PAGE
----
The Atomium

After lunch we travelled by metro to one of the most well-known symbols of Belgium – the Atomium. Built for the first postwar Expo in 1958 the steel structure has become an unmistakable trademark of Brussels. In the shape of iron particle enlarged 256 million times, designed by Andre Waterkeyn and architects Andre and Jean Polak, Atomium is 102 meters tall and is a rather literal symbol of progress and development. Connected with escalators and elevators hidden in pipes each sphere is 18 meters in diameter. I enjoyed the sight of it but felt as though the surrounding was not that pleasant.

After lunch we travelled by metro to one of the most well-known symbols of Belgium – the Atomium. Built for the first postwar Expo in 1958 the steel structure has become an unmistakable trademark of Brussels. In the shape of iron particle enlarged 256 million times, designed by Andre Waterkeyn and architects Andre and Jean Polak, Atomium is 102 meters tall and is a rather literal symbol of progress and development. Connected with escalators and elevators hidden in pipes each sphere is 18 meters in diameter. I enjoyed the sight of it but felt as though the surrounding was not that pleasant.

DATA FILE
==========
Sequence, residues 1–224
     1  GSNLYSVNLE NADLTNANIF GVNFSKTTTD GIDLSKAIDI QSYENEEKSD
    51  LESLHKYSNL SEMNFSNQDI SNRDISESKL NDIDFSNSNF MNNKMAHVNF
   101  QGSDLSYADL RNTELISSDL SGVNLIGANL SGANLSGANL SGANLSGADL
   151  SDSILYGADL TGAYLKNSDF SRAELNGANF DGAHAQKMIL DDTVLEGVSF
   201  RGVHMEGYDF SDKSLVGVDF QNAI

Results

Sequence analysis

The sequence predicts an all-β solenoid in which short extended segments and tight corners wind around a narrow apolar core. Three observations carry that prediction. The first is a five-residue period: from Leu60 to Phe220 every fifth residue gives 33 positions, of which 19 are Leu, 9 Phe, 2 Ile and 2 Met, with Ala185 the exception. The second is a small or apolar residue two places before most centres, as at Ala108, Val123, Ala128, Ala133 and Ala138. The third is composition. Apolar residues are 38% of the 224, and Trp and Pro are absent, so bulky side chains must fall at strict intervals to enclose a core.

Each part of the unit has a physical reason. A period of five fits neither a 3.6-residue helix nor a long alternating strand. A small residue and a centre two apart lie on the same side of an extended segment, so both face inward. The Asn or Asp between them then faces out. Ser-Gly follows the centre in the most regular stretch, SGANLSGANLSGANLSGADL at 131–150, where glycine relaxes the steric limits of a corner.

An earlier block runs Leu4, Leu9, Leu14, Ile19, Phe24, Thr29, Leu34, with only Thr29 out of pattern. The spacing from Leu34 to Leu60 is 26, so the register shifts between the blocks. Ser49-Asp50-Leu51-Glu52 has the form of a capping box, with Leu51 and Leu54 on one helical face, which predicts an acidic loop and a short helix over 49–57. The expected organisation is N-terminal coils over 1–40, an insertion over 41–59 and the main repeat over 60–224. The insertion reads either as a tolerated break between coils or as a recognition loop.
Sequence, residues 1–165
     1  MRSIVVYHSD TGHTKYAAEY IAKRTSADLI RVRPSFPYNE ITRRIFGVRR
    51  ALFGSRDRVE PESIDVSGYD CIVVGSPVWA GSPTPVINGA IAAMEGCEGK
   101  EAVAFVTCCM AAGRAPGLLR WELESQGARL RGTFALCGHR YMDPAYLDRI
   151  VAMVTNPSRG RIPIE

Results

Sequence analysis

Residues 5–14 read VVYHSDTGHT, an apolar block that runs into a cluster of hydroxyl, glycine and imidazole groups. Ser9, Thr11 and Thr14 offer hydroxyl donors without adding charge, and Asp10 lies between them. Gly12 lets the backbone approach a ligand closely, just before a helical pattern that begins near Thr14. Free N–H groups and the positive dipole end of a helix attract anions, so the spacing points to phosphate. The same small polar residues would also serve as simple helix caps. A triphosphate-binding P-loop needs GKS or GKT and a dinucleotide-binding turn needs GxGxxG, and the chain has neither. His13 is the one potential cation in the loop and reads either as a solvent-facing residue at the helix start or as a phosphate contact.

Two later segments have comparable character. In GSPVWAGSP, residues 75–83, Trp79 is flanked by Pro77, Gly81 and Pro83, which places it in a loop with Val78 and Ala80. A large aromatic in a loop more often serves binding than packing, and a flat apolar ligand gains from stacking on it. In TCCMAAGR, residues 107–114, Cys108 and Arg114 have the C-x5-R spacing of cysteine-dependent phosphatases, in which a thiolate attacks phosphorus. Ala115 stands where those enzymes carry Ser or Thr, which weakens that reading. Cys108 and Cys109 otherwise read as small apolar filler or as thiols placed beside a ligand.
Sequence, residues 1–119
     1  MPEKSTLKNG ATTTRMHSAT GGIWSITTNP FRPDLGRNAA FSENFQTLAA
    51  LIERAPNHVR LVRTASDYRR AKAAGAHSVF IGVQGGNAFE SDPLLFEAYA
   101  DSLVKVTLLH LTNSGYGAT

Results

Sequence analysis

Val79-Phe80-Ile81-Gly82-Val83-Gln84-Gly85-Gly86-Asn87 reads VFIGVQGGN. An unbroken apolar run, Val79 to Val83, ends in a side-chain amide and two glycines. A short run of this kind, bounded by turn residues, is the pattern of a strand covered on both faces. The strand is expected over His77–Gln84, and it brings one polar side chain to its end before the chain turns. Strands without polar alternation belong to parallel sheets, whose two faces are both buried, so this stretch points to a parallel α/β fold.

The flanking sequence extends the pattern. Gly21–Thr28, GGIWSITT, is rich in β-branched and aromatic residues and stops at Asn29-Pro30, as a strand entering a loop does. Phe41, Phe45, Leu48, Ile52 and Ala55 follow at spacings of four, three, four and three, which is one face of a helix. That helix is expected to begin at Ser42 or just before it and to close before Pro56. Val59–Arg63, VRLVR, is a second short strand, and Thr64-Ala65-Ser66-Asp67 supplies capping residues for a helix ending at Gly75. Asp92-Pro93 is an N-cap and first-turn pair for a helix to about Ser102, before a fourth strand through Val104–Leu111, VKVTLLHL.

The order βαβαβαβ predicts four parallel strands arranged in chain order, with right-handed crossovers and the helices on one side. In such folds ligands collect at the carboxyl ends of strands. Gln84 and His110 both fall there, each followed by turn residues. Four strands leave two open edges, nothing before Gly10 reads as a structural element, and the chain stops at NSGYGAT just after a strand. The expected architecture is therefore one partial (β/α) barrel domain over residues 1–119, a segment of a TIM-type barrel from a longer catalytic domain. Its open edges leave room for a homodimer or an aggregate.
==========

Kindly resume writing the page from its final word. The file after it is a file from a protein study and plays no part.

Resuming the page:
Used as a museum, exhibition center as well as a viewpoint the structure is a great place to explore. We did not enter inside as the tickets were rather pricy (20 Euro per person) and the weather wouldn’t allow us to appreciate the view anyway. If you ever visit Brussels and the sky is clearer visiting interiors of the Atomium is an absolute must!

Dinner and Belgian Ale

In the evening we returned to the Grand Place for dinner and drinks. We started out in the restaurant called Chez Leon, as we did not have to wait long to be served. We ordered seafood (of course!) and a bottle of cooled, white wine. I really enjoyed the food, although if I knew while ordering it would be covered in cheese I would have probably picked some that was not. We have also visited Delirium Tremens, most recommended bar in Brussels, but it was way too crowded for us and we finished our evening with some beers in a bar next to our hotel.